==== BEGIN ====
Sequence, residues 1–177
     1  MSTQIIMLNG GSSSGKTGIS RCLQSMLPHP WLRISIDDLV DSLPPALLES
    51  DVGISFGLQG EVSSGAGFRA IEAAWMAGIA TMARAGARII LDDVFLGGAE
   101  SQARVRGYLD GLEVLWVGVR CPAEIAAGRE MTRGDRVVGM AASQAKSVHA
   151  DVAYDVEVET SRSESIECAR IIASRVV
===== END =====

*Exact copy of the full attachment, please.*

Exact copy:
Sequence, residues 1–177
     1  MSTQIIMLNG GSSSGKTGIS RCLQSMLPHP WLRISIDDLV DSLPPALLES
    51  DVGISFGLQG EVSSGAGFRA IEAAWMAGIA TMARAGARII LDDVFLGGAE
   101  SQARVRGYLD GLEVLWVGVR CPAEIAAGRE MTRGDRVVGM AASQAKSVHA
   151  DVAYDVEVET SRSESIECAR IIASRVV